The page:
This piece, although 50 years old, is being published fore the first time and is a wonderful ´find´for the trumpet repertoire. A superb work written in a very ´English´ style.
The Concerto for Trumpet and Orchestra was composed in the August and September of 1943. Boughton dedicated it to his youngest son, Brian, who was then studying trumpet at the Royal College of Music under Ernest Hall. Apart from his delight in writing pieces to encourage the musically-gifted members of his family (thesplendid oboe concerto he wrote in 1937 for his daughter Joy - one of this country’s leading soloists - is a case in point), Boughton seems to have had no particular player or occasion in mind when he planned the Trumpet Concerto and was probably greatly disheartened when both Ernest Hall and George Eskdale (principal trumpet of the L.S.O.) declared it too difficult for performance. Boughton appears to have played it through at the piano with the young William Overton, and then laid it on one side. Thus, after a delay of nearly fifty years,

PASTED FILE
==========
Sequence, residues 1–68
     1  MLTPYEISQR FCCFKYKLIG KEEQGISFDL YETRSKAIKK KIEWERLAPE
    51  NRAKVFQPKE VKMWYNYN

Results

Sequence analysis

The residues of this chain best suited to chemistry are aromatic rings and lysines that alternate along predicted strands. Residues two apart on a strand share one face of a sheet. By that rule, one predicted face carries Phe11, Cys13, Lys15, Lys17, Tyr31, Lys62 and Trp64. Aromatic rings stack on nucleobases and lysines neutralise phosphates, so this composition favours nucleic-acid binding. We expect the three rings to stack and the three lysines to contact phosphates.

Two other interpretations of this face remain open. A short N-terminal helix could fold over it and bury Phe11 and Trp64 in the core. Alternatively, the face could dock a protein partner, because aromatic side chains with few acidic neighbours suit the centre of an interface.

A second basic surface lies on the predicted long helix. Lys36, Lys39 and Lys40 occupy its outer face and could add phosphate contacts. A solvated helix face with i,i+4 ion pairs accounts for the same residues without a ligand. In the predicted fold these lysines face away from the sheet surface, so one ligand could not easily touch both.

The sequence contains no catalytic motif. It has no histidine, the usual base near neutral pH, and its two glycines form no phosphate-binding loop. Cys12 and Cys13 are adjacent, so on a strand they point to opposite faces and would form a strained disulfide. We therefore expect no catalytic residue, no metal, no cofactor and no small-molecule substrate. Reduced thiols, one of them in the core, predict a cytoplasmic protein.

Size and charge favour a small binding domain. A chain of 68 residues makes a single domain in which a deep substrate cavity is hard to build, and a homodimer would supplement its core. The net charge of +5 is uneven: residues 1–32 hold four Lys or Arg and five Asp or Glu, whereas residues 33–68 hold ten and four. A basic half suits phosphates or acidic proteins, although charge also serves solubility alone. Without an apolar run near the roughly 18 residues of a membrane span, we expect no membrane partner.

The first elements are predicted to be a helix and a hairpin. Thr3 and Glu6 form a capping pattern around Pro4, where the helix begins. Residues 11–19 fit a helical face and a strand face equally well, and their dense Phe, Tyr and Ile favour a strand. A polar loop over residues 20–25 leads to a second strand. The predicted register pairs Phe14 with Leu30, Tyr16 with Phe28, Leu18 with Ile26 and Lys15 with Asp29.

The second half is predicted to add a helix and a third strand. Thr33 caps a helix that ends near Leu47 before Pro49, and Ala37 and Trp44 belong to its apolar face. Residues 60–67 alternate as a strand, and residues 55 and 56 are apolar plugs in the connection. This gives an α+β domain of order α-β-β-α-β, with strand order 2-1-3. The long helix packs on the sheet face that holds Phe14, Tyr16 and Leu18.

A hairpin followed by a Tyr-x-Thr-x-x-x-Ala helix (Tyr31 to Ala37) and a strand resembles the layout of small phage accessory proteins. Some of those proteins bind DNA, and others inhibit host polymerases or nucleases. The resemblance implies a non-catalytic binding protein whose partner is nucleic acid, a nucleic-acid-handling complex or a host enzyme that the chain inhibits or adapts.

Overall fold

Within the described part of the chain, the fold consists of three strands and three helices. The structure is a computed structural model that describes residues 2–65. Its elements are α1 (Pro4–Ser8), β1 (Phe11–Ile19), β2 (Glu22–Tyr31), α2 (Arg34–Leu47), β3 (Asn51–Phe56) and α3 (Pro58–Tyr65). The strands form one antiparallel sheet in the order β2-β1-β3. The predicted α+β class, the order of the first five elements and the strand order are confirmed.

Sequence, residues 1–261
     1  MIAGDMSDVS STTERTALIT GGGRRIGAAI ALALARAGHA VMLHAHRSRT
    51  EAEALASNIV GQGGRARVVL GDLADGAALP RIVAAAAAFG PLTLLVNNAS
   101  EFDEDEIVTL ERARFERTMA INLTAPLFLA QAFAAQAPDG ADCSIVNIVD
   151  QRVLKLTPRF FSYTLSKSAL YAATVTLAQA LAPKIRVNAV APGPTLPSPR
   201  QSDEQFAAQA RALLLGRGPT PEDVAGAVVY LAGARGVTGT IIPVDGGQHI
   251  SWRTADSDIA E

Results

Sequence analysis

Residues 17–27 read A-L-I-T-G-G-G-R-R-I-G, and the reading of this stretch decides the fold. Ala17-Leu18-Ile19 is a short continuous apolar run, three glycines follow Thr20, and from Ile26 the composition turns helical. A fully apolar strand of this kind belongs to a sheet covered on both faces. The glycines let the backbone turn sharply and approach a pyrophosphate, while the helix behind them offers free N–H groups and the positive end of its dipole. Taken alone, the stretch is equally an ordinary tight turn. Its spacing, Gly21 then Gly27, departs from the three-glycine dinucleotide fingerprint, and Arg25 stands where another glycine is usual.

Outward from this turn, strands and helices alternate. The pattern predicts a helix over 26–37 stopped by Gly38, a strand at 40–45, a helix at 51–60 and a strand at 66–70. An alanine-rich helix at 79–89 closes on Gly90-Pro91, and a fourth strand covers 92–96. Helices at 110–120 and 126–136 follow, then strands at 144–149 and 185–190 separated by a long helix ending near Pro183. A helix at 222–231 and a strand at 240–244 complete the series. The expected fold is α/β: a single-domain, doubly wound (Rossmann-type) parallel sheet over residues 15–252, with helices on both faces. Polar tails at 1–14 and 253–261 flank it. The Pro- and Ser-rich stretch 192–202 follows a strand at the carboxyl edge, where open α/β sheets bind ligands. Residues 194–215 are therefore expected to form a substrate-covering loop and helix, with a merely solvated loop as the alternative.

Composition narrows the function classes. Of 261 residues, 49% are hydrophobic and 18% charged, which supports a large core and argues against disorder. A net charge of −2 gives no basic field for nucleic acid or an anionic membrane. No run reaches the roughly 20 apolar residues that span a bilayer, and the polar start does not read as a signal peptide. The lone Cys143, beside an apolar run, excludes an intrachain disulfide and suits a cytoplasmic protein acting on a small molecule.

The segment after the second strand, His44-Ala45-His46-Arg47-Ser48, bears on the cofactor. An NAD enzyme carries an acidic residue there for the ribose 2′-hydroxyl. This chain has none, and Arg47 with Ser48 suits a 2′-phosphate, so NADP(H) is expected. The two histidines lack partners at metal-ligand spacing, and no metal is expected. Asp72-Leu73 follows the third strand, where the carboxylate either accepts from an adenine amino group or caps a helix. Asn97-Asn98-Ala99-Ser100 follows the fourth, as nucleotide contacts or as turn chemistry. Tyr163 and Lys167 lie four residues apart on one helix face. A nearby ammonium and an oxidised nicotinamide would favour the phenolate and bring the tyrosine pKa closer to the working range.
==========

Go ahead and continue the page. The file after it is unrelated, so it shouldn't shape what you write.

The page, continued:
John Wallace’s performances with the Fife Sinfonia were the first!
As Boughton was a composer who was able to express his very considerable imagination entirely by means of traditional forms and an orthodox musical vocabulary, his work poses few problems to the attentive listener. The two movements of the Trumpet Concerto move effortlessly through a series of contrasted sections and moods, each marked by a definite change of speed.